What are Stages of Early Childhood Development?

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Early childhood development is characterized by different stages in the development of an infant. Birth through the first year of life is considered the beginning of early childhood. Throughout this period, the infant undergoes three major stages of early childhood development. These stages of childhood development are known as the infancy stage, and toddler stage. Each of these stages of early childhood development entails physical, mental, social, and cognitive development which parents may use to assess the normal progress of a newborn child.


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Infancy: In early childhood development, your baby remains in the simplest state of development possible. It is said that babies as young as two years old can remember their mother’s milk and begin to feed themselves with milk. By the second year of life, your baby can begin to explore things around his environment. He might be able to identify his toys. He might be able to recognize numbers and shapes. By the third year of life, your baby should have developed cognitively and emotionally.

Emotional Development

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Emotional Development: Emotionally, children experience three major stages of childhood development. First, there is the infancy stage where infants experience curiosity and fear. Second, they become less anxious as they gain experiences in their environment. Finally, they develop self-control, self-reliance, and self-reliance. At this point, children have a much wider scope of interests and can engage in more complex activities than before.

Cognitive Development

Cognitive Development: Cognitive development refers to the ability to process information. It is generally defined as the ability to perceive, understand, and learn things. During this stage of childhood, your child might be able to recognize words that she has encountered before. She might also be able to imitate simple actions such as pointing at objects or animals.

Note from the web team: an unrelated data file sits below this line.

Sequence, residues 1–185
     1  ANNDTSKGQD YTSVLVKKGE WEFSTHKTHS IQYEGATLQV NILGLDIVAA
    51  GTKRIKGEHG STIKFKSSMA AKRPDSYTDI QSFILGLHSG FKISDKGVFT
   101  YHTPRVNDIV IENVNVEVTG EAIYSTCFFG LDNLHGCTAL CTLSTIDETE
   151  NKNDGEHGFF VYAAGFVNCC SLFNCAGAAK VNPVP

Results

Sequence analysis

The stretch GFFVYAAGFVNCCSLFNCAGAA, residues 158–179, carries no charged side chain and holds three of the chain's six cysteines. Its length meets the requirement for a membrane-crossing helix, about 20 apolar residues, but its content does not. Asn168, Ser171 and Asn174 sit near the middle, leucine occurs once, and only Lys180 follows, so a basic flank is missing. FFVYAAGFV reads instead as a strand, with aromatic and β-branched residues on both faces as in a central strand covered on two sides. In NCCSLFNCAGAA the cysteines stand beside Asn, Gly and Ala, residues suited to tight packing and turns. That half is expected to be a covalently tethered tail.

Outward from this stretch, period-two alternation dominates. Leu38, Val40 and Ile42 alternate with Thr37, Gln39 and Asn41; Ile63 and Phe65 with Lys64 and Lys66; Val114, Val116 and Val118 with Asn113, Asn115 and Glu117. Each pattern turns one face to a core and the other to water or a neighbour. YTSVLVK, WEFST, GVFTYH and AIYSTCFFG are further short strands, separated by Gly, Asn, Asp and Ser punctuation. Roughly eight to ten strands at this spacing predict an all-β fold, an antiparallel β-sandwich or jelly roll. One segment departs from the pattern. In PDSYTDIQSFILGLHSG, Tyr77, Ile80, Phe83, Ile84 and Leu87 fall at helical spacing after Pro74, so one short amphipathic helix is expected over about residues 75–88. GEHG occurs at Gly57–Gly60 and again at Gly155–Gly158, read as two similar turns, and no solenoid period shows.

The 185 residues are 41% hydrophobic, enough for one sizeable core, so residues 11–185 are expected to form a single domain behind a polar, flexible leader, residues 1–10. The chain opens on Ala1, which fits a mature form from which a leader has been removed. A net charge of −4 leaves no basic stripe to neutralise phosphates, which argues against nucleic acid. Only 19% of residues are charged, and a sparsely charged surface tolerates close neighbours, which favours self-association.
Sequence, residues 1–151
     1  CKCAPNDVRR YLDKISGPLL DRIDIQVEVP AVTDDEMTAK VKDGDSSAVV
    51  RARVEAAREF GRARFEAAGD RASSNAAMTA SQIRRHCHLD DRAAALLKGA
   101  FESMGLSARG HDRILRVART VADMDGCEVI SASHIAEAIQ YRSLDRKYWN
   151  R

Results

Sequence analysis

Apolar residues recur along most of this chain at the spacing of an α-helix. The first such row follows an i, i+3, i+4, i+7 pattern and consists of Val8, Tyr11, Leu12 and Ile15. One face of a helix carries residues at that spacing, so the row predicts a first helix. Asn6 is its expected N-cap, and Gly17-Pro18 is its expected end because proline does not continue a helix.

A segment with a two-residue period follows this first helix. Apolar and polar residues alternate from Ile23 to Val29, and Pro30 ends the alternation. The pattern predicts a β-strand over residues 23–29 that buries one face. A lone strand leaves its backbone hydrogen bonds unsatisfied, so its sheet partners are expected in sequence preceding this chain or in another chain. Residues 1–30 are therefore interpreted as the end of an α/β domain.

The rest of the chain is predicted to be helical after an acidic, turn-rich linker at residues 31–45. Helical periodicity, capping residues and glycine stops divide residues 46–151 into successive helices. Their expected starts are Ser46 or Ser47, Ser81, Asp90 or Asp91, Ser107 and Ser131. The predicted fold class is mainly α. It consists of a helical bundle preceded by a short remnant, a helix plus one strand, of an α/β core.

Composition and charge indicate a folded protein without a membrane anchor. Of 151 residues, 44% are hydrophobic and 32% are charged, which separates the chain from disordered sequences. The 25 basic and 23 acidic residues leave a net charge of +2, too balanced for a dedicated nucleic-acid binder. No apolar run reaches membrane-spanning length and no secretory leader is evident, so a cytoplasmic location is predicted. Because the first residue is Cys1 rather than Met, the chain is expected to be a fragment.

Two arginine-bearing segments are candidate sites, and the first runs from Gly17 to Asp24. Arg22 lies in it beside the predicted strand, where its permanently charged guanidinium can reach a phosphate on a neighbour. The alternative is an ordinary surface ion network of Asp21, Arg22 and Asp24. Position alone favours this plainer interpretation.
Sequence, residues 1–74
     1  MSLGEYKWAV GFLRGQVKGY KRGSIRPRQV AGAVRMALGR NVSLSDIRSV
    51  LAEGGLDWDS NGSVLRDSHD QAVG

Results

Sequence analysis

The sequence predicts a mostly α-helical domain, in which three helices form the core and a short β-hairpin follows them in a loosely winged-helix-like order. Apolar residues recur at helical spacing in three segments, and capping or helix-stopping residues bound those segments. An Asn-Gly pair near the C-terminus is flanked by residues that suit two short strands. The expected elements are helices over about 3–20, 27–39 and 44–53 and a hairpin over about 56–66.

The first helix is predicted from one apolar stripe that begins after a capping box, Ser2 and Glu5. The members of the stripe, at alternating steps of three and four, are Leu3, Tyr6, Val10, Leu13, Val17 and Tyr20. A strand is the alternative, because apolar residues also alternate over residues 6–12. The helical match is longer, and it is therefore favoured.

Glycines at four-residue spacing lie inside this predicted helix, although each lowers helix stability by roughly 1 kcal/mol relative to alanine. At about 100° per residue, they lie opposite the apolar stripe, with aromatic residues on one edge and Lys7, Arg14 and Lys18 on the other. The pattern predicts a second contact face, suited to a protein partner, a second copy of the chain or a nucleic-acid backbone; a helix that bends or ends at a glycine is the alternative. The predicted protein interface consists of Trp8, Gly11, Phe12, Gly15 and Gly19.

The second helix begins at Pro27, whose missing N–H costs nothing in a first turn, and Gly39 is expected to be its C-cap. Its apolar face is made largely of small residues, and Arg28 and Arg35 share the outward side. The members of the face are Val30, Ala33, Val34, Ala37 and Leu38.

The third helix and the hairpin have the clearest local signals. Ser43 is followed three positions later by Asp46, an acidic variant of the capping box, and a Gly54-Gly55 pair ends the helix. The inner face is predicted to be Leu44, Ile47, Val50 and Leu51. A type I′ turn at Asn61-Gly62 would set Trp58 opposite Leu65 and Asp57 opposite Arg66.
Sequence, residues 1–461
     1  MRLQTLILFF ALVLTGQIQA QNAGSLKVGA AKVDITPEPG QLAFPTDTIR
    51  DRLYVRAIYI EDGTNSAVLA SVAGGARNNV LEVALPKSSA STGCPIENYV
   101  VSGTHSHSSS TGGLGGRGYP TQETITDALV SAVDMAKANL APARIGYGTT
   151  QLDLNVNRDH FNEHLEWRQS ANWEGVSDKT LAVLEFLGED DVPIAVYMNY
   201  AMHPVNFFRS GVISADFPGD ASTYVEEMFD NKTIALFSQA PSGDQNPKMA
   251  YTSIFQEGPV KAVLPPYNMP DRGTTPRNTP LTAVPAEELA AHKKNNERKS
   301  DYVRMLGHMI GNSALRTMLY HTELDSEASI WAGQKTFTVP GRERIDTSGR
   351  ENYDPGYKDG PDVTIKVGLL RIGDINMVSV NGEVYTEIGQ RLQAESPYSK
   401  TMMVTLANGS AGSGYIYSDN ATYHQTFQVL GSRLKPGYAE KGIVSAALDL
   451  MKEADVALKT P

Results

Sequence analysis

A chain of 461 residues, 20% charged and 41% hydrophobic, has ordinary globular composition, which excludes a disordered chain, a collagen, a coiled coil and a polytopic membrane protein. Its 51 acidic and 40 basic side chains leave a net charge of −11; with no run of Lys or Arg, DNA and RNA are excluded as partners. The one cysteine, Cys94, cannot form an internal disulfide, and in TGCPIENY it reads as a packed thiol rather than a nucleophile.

Growth and Development

Growth and Development: Growth and development occur throughout the toddler years. These are the crucial years when children are developing cognitive, emotional, verbal, physical, and motor skills. During the middle years, children experience growth and development on many levels. For example, they become more self-aware, able to evaluate their environment and become ready for intellectual challenges.

Growth and development may cause social development. During this time, children begin to learn how to cooperate with others. Children who engage in the collaborative play show signs of emotional and interpersonal maturity. Their interests and accomplishments encourage peers to follow their lead. Children who mimic the activities of others show signs of emotional and interpersonal maturity.

Early Childhood Development and Psychosocial Development

Early Childhood Development and Psychosocial Development: The developmental process through the early years of childhood can cause a child to become shy and to exhibit certain personality traits. Socialization is important during these years, and children who go through these stages learn ways to interact with others. They also learn to understand that they are the most significant person in their environment. Psychosocial development may cause a child to feel different about himself. He may feel he is unlovable, unwanted, or incapable of true love.

These stages of development are not stable and vary from child to child. Most kids go through all of them, but there are some whose experiences vary even further. When your child starts school he is in the first of these developmental stages. He will be having to face academic challenges, work to fit in, and interact with other children. The child then begins the elementary school years, during which he will have several more experiences before reaching late childhood and possibly adulthood.

How Is My Child Developing? 

Does my baby seem to be doing too much? He may be in one of the early childhood development stages. He may have problems with fine motor movements and gross motor movements. He may seem to be unable to sit up by himself, walk around, or even crawl. These are signs of needing to be intervention with your child.

The stages of early childhood development are determined genetically. So, you can’t “catch” these stages. Your baby will always begin at the bottom and work his way up. If you see any signs of these stages in your babies do not be alarmed, take them lightly, and go to a doctor.

For your young child to continue to the next stages of early childhood development, he needs a good start. If you are having problems, it is best to go to an experienced pediatrician so that he can help you find ways to solve this problem. The earlier the problem is detected the sooner treatment can take place.

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